For a better understanding and description of the mass transport phenomena in dense multiphase gas-solids systems such as fluidized bed reactors, detailed and quantitative experimental data on the concentration profiles is required, which demands advanced non-invasive concentration monitoring techniques with a high spatial and temporal resolution. A novel technique based on the selective detection of a gas component in a gas mixture using infra-red properties has been further developed. The first stage development was carried out using a very small sapphire reactor and CO2 as tracer gas. Although the measuring principle was demonstrated, the real application was hindered by the small reactor dimensions related to the high costs and difficult handling of large sapphire plates. In this study, a new system has been developed, that allows working at much larger scales and yet with higher resolution. In the new system, propane is used as tracer gas and quartz as reactor material. In this study, a thorough optimization and calibration of the technique is presented which is subsequently applied for whole-field measurements with high temporal resolution. The developed technique allows the use of a relatively inexpensive configuration for the measurement of detailed concentration fields and can be applied to a large variety of important chemical engineering topics. PMID:26927127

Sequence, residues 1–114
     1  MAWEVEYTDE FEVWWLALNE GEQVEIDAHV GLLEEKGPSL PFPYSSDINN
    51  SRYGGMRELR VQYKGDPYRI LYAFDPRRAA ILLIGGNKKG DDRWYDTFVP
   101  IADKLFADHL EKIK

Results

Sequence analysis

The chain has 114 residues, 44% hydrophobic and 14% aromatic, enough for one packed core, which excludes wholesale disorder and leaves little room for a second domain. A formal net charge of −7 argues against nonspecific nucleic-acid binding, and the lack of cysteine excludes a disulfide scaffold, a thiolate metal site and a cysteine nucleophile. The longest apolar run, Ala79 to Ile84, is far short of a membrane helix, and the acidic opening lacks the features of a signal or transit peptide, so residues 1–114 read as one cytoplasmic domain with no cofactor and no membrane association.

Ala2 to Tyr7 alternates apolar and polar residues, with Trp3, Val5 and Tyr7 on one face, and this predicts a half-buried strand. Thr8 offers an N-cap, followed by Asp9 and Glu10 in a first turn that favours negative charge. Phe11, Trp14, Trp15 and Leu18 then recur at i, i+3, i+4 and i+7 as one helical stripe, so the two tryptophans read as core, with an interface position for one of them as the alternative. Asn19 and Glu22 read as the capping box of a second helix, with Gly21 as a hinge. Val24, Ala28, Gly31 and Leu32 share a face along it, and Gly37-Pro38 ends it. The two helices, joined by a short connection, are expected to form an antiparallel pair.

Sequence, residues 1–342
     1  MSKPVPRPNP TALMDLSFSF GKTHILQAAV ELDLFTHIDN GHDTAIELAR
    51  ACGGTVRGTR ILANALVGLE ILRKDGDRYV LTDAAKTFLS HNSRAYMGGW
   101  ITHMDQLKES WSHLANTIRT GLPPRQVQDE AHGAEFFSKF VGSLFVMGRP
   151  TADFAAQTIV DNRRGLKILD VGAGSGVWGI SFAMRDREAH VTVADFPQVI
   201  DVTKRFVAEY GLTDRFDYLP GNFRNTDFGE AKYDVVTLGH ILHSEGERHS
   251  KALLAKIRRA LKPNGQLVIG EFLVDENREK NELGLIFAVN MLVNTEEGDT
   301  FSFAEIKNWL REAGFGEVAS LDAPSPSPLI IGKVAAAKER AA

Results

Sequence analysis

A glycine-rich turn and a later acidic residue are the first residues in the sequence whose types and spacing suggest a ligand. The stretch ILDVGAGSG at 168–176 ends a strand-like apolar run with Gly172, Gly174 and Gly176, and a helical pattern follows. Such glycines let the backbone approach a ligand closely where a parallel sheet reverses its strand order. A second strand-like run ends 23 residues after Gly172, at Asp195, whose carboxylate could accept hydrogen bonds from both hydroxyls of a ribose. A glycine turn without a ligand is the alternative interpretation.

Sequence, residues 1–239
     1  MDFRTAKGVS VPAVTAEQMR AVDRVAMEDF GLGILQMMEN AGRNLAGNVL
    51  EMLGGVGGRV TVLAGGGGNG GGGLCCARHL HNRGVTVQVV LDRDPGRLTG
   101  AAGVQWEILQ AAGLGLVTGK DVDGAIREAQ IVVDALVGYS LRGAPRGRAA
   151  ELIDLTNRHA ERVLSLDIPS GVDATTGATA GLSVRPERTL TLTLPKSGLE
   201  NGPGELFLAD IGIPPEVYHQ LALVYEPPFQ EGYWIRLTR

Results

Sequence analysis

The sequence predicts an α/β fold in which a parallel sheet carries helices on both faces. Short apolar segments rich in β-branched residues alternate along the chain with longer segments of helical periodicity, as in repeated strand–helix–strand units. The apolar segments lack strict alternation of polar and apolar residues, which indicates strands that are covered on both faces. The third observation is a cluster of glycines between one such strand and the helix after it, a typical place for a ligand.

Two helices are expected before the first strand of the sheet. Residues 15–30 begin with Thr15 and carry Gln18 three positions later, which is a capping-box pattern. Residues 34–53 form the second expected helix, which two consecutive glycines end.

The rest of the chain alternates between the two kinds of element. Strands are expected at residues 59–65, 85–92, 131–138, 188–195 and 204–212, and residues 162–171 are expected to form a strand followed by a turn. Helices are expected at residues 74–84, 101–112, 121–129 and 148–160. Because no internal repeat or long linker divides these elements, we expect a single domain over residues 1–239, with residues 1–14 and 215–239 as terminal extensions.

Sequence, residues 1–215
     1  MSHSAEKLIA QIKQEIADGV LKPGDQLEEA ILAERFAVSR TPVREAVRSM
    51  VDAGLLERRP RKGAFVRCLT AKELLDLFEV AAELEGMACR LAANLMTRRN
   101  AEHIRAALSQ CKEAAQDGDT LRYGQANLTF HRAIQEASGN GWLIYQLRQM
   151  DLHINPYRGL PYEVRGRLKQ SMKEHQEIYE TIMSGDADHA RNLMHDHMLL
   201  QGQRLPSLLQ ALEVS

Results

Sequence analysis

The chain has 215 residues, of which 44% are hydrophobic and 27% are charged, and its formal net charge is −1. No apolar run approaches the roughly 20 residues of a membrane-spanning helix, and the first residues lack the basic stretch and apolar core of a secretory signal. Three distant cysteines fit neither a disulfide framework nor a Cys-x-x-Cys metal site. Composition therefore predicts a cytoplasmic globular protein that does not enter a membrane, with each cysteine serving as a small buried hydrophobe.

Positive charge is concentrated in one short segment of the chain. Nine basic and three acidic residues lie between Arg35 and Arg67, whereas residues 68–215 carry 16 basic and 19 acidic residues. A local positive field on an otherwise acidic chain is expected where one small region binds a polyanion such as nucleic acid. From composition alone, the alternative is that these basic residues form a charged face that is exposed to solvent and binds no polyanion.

Advancement of an Infra-Red Technique for Whole-Field Concentration Measurements in Fluidized Beds.
Medrano, Jose A; de Nooijer, Niek C A; Gallucci, Fausto; van Sint Annaland, Martin
2016-01-01
For a better understanding and description of the mass transport phenomena in dense multiphase gas-solids systems such as fluidized bed reactors, detailed and quantitative experimental data on the concentration profiles is required, which demands advanced non-invasive concentration monitoring techniques with a high spatial and temporal resolution. A novel technique based on the selective detection of a gas component in a gas mixture using infra-red properties has been further developed. The first stage development was carried out using a very small sapphire reactor and CO₂ as tracer gas. Although the measuring principle was demonstrated, the real application was hindered by the small reactor dimensions related to the high costs and difficult handling of large sapphire plates. In this study, a new system has been developed, that allows working at much larger scales and yet with higher resolution. In the new system, propane is used as tracer gas and quartz as reactor material. In this study, a thorough optimization and calibration of the technique is presented which is subsequently applied for whole-field measurements with high temporal resolution. The developed technique allows the use of a relatively inexpensive configuration for the measurement of detailed concentration fields and can be applied to a large variety of important chemical engineering topics. PMID:26927127